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Article
January 13, 1989

Health Educators Turn to Black Community's Leaders, Organizations, Other Strengths

JAMA. 1989;261(2):194-195. doi:10.1001/jama.1989.03420020024005

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Abstract

THE BLACK COMMUNITY has characteristics that health educators say can be used to foster its members' well-being, although they add that it has other characteristics that pose particular problems to health education.

An example of a useful characteristic is that existing leaders and organizations in the black community have already earned people's confidence, says Helene D. Gayle, MD, MPH, of the Centers for Disease Control, Atlanta. They provide valuable assistance in disseminating health information.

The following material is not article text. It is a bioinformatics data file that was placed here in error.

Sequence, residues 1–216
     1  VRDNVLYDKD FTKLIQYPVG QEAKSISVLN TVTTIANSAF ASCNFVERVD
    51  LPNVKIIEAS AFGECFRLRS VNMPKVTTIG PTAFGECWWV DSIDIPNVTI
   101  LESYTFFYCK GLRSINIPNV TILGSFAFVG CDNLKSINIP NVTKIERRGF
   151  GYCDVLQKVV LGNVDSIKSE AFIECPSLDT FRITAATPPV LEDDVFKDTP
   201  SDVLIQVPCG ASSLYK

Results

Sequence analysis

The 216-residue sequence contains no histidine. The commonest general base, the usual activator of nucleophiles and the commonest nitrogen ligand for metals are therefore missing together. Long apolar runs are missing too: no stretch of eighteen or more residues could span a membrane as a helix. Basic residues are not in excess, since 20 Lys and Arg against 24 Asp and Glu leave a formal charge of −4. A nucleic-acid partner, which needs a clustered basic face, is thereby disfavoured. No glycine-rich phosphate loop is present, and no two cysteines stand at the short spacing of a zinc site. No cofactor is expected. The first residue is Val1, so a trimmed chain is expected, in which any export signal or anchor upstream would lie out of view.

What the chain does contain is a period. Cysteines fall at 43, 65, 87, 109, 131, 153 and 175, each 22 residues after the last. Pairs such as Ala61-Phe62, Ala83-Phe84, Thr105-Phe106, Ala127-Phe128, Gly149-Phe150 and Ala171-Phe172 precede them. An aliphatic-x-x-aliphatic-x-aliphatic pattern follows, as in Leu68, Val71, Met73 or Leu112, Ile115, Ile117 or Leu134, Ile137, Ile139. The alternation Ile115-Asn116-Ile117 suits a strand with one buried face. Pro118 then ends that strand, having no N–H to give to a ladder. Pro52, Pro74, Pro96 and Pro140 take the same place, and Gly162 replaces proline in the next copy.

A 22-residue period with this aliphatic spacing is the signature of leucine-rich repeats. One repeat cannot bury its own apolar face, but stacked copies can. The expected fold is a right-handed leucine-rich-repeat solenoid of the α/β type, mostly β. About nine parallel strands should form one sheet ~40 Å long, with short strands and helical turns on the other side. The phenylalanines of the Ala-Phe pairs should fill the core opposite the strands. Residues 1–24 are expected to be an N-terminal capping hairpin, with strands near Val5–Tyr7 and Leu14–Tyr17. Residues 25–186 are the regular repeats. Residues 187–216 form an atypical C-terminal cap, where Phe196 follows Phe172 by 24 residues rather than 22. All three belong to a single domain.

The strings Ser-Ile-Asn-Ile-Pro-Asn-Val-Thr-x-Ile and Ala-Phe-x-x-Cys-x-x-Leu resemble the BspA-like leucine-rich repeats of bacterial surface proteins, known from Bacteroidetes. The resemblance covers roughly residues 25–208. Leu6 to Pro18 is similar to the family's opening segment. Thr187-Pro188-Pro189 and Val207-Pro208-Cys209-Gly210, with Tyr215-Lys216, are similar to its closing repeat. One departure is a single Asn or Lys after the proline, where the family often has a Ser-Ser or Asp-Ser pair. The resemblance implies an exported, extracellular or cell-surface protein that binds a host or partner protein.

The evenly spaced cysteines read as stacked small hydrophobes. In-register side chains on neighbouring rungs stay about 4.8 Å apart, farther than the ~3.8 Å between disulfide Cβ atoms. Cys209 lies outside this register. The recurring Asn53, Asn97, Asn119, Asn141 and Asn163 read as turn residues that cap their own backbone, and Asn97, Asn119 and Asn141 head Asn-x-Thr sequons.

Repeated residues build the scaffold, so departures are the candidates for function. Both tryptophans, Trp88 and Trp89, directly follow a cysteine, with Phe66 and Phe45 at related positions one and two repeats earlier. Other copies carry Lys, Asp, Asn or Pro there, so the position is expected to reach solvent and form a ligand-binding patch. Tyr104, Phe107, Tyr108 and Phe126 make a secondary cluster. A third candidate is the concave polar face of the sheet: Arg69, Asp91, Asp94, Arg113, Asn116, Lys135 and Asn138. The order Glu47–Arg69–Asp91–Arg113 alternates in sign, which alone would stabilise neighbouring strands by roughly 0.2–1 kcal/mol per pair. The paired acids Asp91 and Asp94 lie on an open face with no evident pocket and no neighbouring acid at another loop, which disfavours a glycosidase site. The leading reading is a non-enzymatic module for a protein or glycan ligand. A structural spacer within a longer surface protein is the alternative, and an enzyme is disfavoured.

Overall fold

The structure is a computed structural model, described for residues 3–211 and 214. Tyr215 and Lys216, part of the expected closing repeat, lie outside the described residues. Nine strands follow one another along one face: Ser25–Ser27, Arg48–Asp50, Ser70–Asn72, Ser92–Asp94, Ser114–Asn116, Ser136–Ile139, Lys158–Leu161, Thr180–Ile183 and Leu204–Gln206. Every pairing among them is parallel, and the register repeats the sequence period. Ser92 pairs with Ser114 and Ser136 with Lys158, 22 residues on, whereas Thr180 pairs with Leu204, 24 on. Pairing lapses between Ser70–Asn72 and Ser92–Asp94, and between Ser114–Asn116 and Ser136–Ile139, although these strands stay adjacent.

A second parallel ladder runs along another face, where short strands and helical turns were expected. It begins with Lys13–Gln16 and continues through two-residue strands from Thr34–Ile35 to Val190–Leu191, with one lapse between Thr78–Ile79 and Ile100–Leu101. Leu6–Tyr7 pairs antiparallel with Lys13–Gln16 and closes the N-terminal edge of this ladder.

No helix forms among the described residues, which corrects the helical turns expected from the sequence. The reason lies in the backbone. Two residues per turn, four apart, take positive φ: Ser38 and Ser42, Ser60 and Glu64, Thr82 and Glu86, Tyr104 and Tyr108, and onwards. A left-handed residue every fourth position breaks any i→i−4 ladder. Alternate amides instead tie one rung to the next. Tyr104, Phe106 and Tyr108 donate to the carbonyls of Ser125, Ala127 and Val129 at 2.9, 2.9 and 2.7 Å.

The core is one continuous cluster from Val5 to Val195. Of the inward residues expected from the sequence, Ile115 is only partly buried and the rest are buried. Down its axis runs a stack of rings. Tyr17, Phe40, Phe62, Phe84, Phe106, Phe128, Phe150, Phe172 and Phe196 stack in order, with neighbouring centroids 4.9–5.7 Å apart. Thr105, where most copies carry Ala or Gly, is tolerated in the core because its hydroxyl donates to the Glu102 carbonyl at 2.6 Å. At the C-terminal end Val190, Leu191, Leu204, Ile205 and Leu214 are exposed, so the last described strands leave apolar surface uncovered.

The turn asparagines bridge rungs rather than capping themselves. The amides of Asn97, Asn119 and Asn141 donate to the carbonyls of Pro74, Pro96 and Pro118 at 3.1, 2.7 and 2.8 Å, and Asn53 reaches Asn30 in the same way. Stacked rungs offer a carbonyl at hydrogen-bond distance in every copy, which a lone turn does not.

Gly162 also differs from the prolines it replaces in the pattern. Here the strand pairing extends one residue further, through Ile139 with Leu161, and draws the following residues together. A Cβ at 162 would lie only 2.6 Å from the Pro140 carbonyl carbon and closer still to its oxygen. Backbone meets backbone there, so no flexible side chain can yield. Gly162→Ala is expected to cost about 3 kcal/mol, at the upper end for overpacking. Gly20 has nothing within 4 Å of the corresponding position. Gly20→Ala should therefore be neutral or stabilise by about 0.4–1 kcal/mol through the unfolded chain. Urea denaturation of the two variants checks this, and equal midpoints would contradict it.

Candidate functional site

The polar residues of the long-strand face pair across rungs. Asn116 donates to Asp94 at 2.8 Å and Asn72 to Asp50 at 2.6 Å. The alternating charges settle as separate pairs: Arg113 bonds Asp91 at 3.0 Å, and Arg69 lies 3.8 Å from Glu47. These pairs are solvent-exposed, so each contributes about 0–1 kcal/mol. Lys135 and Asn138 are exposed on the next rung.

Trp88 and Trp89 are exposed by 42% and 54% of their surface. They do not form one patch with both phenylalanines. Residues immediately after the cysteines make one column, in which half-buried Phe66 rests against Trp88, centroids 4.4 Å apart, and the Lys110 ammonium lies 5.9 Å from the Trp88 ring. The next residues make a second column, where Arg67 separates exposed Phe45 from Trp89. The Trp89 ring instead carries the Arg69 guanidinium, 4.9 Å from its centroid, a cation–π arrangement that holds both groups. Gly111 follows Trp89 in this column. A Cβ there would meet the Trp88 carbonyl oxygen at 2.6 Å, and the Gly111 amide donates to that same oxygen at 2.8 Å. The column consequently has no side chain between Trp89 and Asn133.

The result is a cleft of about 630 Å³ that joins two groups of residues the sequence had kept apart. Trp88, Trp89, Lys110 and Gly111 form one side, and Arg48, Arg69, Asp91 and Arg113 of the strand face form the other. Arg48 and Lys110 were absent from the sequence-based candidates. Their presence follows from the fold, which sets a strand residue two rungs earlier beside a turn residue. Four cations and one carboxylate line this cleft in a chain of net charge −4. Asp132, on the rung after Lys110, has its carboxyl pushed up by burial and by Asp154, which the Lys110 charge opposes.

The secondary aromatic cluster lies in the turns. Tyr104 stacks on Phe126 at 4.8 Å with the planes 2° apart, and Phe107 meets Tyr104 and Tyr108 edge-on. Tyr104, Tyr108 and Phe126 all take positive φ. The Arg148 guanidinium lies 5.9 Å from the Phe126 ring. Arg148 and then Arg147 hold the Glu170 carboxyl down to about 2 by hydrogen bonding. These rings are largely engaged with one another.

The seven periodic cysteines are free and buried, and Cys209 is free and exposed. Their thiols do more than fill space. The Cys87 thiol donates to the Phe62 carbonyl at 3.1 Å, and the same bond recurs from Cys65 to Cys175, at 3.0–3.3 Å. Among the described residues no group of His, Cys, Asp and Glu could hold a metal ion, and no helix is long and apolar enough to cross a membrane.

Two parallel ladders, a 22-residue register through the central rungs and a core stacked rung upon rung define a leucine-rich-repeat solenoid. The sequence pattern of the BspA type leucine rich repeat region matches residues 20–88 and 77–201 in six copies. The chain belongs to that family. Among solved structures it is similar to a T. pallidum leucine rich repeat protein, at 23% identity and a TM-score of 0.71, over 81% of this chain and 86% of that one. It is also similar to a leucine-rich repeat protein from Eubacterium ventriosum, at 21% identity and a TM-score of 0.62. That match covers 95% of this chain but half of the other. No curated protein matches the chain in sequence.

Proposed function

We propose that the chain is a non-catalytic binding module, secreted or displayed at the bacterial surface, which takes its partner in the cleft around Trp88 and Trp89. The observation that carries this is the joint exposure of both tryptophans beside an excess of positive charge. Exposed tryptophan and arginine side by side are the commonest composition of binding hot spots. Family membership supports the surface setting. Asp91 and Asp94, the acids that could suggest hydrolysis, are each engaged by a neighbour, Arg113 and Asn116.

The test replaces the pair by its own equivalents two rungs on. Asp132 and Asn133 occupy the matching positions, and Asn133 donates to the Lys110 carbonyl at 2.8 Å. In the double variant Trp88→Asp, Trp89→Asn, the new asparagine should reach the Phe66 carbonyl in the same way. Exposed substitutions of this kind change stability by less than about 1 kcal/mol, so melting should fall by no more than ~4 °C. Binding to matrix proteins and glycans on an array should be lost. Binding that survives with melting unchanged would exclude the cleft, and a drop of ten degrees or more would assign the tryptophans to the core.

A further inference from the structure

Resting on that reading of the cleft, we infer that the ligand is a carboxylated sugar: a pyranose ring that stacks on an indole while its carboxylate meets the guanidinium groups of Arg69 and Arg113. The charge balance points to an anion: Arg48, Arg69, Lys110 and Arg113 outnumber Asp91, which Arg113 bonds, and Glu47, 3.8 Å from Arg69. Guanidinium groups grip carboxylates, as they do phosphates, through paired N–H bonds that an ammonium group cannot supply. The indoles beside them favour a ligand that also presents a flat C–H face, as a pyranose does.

The black church is a prominent example, adds John W. Hatch, MSW, DPH. As one of the few organizations controlled by blacks, it mirrors the pattern of influence within the black community.

Hatch developed the Fitness Through Churches project in Durham, NC, in 1985, to combat cardiovascular disease. Selected members of 14 innercity congregations were taught to be health advocates, organizing and instructing exercise programs (Hygie 1986;5[3]:9-12).

Their training includes aerobic exercise along with information on

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